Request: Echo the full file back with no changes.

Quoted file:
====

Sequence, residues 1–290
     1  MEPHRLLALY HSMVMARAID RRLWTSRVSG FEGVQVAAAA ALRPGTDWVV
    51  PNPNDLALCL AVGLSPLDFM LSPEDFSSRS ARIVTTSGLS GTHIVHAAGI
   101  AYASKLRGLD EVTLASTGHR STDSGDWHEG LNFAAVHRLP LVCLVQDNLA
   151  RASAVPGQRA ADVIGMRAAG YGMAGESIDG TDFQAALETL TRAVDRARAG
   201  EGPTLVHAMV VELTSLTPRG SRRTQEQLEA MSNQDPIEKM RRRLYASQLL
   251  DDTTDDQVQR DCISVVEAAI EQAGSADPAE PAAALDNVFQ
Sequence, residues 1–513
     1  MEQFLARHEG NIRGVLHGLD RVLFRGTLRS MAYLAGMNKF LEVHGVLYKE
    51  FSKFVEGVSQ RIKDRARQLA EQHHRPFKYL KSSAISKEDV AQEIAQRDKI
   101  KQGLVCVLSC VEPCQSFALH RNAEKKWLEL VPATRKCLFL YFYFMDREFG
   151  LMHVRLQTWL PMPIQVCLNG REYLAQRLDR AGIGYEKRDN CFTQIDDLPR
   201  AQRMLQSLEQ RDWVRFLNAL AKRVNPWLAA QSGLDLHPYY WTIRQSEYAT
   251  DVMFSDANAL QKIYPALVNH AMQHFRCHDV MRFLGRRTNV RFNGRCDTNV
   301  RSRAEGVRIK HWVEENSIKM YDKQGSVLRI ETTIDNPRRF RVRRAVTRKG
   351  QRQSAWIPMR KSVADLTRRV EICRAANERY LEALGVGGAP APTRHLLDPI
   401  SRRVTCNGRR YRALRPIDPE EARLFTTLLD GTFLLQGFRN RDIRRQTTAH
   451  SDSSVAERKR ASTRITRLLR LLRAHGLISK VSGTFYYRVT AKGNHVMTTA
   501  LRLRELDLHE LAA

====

Sequence, residues 1–290
     1  MEPHRLLALY HSMVMARAID RRLWTSRVSG FEGVQVAAAA ALRPGTDWVV
    51  PNPNDLALCL AVGLSPLDFM LSPEDFSSRS ARIVTTSGLS GTHIVHAAGI
   101  AYASKLRGLD EVTLASTGHR STDSGDWHEG LNFAAVHRLP LVCLVQDNLA
   151  RASAVPGQRA ADVIGMRAAG YGMAGESIDG TDFQAALETL TRAVDRARAG
   201  EGPTLVHAMV VELTSLTPRG SRRTQEQLEA MSNQDPIEKM RRRLYASQLL
   251  DDTTDDQVQR DCISVVEAAI EQAGSADPAE PAAALDNVFQ
Sequence, residues 1–513
     1  MEQFLARHEG NIRGVLHGLD RVLFRGTLRS MAYLAGMNKF LEVHGVLYKE
    51  FSKFVEGVSQ RIKDRARQLA EQHHRPFKYL KSSAISKEDV AQEIAQRDKI
   101  KQGLVCVLSC VEPCQSFALH RNAEKKWLEL VPATRKCLFL YFYFMDREFG
   151  LMHVRLQTWL PMPIQVCLNG REYLAQRLDR AGIGYEKRDN CFTQIDDLPR
   201  AQRMLQSLEQ RDWVRFLNAL AKRVNPWLAA QSGLDLHPYY WTIRQSEYAT
   251  DVMFSDANAL QKIYPALVNH AMQHFRCHDV MRFLGRRTNV RFNGRCDTNV
   301  RSRAEGVRIK HWVEENSIKM YDKQGSVLRI ETTIDNPRRF RVRRAVTRKG
   351  QRQSAWIPMR KSVADLTRRV EICRAANERY LEALGVGGAP APTRHLLDPI
   401  SRRVTCNGRR YRALRPIDPE EARLFTTLLD GTFLLQGFRN RDIRRQTTAH
   451  SDSSVAERKR ASTRITRLLR LLRAHGLISK VSGTFYYRVT AKGNHVMTTA
   501  LRLRELDLHE LAA